BAVA KAMA 76 (10 Av) - Dedicated by Rabbi Dr. Eli Turkel of Ra'anana, Israel, in memory of his father, Reb Yisrael Shimon ben Shlomo ha'Levi Turkel. Isi Turkel, as he was known, loved Torah and worked to support it literally with his last ounce of strength. He passed away on 10 Av 5740.
BAVA KAMA 76 (18 Adar) - Dedicated by Reb Gedalya Weinberger of Brooklyn, NY, in memory of his father, Reb Chaim Tzvi ben Reb Shlomo Weinberger, on the day of his Yahrzeit. Reb Chaim Tzvi, who miraculously survived the Holocaust, raised his children with a strong dedication to Torah and its study.
1) A THIEF WHO SANCTIFIES THE STOLEN ANIMAL
QUESTION: The Mishnah (74b) states that a Ganav who steals an animal and then sanctifies the animal as a Korban is exempt from paying Arba'ah v'Chamishah. The Gemara asks why should he be exempt when he sanctifies the animal? There should be no difference between making the animal Hekdesh and selling the animal to a person; in either case, he transfers the ownership of the animal to another domain.
The Gemara initially answers that the Tana of the Mishnah is Rebbi Shimon who maintains that when a person sanctifies an animal as Kodshim in such a way that he is responsible for it if it becomes lost ("Kodshim she'Chayav b'Achrayusan"), the animal is considered his property still, and thus the Ganav has not transferred the ownership of the animal to another domain by making it Hekdesh. The Gemara refutes this answer by pointing out that the end of the Mishnah quotes Rebbi Shimon, implying that the beginning of the Mishnah is not Rebbi Shimon.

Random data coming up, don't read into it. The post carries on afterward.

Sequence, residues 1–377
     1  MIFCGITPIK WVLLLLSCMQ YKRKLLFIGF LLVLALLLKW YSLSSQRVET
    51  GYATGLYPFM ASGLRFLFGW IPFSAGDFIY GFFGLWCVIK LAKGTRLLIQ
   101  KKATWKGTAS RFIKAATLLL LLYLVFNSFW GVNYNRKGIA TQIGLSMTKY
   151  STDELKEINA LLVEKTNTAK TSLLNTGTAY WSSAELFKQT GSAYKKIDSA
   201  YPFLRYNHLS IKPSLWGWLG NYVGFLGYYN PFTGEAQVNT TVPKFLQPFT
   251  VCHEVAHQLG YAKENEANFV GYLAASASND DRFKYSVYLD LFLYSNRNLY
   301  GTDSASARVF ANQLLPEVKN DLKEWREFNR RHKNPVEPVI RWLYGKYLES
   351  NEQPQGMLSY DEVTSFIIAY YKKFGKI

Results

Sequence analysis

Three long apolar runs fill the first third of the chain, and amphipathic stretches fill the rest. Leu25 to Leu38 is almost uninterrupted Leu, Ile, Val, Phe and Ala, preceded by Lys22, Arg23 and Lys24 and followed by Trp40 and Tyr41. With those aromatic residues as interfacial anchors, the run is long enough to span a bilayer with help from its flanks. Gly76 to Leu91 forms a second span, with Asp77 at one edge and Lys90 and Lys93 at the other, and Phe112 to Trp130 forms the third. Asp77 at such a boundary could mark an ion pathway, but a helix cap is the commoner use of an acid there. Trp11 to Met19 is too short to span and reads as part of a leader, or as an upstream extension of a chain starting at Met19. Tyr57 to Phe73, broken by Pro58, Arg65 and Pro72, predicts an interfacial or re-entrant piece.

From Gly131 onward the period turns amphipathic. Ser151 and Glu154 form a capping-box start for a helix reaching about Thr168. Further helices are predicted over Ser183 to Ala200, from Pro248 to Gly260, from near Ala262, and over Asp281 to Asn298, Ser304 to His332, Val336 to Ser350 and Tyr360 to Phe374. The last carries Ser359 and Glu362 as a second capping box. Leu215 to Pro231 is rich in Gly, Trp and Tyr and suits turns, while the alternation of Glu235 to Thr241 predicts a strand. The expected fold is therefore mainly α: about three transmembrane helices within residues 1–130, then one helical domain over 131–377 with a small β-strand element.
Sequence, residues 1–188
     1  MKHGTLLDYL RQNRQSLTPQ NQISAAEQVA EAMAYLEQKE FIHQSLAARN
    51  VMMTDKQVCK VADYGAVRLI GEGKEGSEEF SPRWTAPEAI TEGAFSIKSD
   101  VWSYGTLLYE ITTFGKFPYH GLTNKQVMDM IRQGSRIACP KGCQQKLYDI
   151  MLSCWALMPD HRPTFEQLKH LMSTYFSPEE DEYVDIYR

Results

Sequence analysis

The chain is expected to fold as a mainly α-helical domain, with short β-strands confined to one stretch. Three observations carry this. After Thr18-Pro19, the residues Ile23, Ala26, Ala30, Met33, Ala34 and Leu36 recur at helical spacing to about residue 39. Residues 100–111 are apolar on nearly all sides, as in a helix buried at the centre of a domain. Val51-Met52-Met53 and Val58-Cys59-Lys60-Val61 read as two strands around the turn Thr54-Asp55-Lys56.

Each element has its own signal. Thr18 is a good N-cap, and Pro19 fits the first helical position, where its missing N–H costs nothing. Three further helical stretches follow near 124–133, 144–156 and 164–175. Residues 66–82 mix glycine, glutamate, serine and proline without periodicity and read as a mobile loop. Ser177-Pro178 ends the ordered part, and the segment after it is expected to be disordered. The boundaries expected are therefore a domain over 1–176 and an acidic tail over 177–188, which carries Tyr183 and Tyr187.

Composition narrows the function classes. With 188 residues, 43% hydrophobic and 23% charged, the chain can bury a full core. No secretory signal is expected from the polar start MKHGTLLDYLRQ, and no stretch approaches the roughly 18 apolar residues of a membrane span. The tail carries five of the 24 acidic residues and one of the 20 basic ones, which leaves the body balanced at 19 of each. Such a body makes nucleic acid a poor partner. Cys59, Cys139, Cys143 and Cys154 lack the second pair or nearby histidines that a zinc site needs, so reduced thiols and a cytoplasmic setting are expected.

This answer is problematic for a different reason. The answer is based on the assumption that Rebbi Shimon rules that "ha'Gorem l'Mamon k'Mamon Dami" even for an item that is physically present. "Davar ha'Gorem l'Mamon" refers to an object which the owner does not have the right to eat, use, or derive benefit from in any way, such as an animal that is Hekdesh, and yet if the object is destroyed the owner suffers a financial loss. Rebbi Shimon maintains that such an item is considered the property of the owner. Here, the Korban is not really the possession of the owner since it has been sanctified. However, if it is lost the owner will have to pay for it (by replacing it with another animal). Since he is responsible for it, the Korban is considered the property of the owner. However, the Gemara in Pesachim (6a) says that Rebbi Shimon rules that something which can cause a person a financial loss is considered his property only when that item is not physically present or in existence ("Leisei b'Einei"), and when it has already caused the owner a loss. For example, when the Ganav stole from Reuven an animal that was already sanctified as a Korban, Reuven now has a monetary obligation to replace that Korban. Since the animal is considered Reuven's property that the Ganav stole, the Ganav must pay him Kefel. In contrast, while the Korban is still physically present in the possession of the person (the Ganav, in this case), it is not considered "k'Mamon," his property. Why, then, when the Ganav makes it Hekdesh, is it not considered a transfer of ownership like Mechirah?